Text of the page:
FLAC reaction to proposed changes in family law, bankruptcy and civil legal aid

30 August 2010

Legal rights organisation FLAC has commented on the draft legislation published today by the Department of Justice & Law Reform, the Civil Law (Miscellaneous Provisions) Bill 2010. It noted that the new bill proposes changes across a wide range of issues including family law, bankruptcy law and the provision of civil legal aid.

FLAC is welcoming the proposed changes to the law concerning family maintenance payments. This will bring the law in this area into line with the general regulation of debt collection. According to FLAC, the bill proposes a new process whereby defaulting maintenance debtors will be brought before a judge to explain their failure to pay. FLAC said that callers to their telephone information line and their centres have noted that the gap in the legislation which currently exists is causing hardship.

Commenting on the changes, Ms Noeline Blackwell, Director of FLAC, said that "when this new legislation is enacted, there will be a clear distinction made between those who cannot pay maintenance and those who actively choose not to. Imprisonment will be a sanction for a Judge to impose on those persons who are simply refusing to keep up maintenance payments. On the other hand, those who are experiencing economic difficulties will get a chance to explain this to a court and perhaps have existing orders varied."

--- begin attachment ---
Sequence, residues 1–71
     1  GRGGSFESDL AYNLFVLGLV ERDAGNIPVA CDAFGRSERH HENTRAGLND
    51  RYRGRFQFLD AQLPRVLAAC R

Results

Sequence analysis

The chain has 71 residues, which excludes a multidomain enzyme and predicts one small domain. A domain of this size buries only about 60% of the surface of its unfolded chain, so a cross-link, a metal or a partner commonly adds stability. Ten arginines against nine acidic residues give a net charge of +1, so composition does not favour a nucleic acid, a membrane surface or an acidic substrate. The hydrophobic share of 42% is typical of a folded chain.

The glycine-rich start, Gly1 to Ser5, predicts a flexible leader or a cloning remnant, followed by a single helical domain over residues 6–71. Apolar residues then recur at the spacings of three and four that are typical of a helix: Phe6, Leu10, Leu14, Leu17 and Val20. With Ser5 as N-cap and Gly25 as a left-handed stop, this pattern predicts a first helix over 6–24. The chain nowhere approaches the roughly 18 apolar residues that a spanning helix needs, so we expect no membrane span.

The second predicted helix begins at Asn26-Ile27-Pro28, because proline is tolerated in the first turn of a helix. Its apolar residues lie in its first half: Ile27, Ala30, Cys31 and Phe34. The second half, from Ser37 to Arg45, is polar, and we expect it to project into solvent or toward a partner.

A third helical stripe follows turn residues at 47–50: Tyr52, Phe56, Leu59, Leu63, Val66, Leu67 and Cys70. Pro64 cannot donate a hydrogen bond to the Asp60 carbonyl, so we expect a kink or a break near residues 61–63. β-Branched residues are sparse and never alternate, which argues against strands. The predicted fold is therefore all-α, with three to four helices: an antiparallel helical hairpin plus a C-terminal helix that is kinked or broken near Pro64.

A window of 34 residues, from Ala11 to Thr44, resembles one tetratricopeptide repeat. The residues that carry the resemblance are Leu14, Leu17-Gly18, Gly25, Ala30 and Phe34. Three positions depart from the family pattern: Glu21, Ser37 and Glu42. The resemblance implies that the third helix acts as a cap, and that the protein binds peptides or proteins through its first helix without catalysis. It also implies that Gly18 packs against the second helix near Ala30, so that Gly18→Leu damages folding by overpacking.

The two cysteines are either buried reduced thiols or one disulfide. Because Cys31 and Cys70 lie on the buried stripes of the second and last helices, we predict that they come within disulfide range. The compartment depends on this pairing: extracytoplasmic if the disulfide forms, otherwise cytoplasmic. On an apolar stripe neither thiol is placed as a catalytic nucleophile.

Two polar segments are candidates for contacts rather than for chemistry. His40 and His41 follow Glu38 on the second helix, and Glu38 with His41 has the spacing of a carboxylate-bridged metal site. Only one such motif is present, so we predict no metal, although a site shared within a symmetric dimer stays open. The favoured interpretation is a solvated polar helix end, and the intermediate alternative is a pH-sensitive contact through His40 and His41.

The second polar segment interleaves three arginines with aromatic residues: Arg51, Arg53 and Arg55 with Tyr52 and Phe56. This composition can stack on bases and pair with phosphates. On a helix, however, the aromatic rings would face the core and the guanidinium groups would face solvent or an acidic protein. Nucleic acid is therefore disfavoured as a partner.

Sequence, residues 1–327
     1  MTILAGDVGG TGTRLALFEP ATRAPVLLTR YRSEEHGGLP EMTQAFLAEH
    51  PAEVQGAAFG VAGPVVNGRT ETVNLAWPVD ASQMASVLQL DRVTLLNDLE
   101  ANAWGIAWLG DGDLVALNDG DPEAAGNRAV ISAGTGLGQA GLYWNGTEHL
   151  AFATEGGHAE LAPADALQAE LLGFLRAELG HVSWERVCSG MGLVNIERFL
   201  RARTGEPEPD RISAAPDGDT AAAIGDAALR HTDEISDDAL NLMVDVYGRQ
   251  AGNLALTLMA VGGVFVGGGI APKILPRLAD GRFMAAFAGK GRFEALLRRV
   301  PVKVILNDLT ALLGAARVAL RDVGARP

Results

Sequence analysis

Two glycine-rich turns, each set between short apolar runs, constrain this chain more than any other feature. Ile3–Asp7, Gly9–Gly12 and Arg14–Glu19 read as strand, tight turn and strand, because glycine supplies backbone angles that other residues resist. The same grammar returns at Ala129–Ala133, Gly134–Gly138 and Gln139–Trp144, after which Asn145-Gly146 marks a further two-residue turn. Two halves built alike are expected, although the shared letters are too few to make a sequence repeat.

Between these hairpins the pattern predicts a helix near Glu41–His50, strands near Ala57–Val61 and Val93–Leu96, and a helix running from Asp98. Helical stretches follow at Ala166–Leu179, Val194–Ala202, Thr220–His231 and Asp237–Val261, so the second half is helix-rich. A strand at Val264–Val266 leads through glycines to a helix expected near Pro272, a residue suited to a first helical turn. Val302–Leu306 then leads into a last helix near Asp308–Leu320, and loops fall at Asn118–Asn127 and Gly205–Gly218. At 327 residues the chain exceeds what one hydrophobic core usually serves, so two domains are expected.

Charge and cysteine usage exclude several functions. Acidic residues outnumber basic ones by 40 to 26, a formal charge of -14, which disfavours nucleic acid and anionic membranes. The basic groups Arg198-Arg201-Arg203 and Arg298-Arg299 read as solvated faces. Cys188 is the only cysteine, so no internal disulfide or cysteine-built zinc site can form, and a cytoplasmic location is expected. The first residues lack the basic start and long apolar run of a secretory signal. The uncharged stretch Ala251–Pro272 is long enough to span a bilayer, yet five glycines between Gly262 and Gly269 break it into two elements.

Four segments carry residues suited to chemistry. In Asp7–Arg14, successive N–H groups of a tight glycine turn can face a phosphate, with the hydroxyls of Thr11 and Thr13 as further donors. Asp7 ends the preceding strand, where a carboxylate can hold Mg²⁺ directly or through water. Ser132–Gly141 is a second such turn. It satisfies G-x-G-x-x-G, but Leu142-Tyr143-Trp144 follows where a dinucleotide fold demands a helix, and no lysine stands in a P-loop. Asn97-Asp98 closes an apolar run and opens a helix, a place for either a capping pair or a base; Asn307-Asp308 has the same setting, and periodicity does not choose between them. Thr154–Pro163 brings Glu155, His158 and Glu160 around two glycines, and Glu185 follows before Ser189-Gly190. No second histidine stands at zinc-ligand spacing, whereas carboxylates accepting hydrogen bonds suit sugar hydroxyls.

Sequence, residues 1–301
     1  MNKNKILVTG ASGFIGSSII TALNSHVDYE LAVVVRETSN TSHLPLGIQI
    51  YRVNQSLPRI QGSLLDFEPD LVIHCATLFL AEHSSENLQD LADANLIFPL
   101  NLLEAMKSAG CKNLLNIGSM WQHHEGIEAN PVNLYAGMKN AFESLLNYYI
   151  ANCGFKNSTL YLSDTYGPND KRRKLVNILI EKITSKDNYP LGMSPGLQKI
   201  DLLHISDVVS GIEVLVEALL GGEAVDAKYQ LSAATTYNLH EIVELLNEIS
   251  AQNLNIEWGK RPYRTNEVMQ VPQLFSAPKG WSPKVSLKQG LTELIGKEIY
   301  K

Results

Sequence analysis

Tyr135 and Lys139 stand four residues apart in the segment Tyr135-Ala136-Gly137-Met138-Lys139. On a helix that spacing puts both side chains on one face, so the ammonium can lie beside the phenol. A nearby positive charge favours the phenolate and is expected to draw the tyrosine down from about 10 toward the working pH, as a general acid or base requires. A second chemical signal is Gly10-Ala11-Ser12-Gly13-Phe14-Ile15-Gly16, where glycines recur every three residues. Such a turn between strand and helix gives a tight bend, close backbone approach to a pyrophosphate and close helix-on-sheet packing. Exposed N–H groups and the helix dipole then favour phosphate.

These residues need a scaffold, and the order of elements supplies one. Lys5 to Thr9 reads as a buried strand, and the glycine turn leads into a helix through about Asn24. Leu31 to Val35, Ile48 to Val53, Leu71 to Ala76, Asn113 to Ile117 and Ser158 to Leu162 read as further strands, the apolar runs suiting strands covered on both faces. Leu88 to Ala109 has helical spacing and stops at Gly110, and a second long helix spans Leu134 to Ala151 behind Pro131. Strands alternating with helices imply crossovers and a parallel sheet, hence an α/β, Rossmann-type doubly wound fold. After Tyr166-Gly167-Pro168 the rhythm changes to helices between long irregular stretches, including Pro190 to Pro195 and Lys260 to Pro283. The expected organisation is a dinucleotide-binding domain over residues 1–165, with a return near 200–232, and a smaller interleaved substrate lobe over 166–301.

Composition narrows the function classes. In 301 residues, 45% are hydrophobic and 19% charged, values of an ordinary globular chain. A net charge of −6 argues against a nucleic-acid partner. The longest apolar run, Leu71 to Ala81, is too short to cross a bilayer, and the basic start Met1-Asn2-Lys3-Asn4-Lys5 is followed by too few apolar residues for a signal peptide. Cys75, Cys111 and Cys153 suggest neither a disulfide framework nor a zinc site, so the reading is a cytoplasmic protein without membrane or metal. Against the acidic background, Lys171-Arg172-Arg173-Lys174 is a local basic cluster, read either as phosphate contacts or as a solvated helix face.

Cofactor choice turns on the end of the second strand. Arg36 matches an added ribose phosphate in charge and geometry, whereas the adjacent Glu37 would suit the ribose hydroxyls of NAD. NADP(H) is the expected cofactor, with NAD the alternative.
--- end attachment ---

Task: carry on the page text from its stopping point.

While the bill contains some change to bankruptcy law, FLAC said that the small changes proposed were inadequate. According to Ms. Blackwell, "merely setting an outer limit of 20 years on the period during which a person might be bankrupt was entirely insufficient to deal with the real situations of over-indebted people in Ireland today."

FLAC also noted a positive change in the extension of provision for legal advice to any person who is an alleged victim of a human trafficking offence. However, the organisation noted that this did not appear to extend to representing those victims in court proceedings, nor will it protect victims of the sex trade who did not come within the narrow definition of trafficking.




Editors' notes:
1. FLAC (Free Legal Advice Centres) is an independent human rights organisation which works to promote equal access to justice for all. It runs a lo-call telephone information line giving general legal information to the public and it supports a network of evening FLAC clinics around Ireland where volunteer solicitors give first stop legal advice to people who need it and cannot afford legal representation.
2. The Minister for Justice & Law Reform published the Civil Law (Miscellaneous Provisions) Bill 2010 on 30 August 2010
3. The Bill provides for amendments to provisions across a range of civil law and regulatory law matters. A Miscellaneous Provisions Bill is normally published once every 2 years.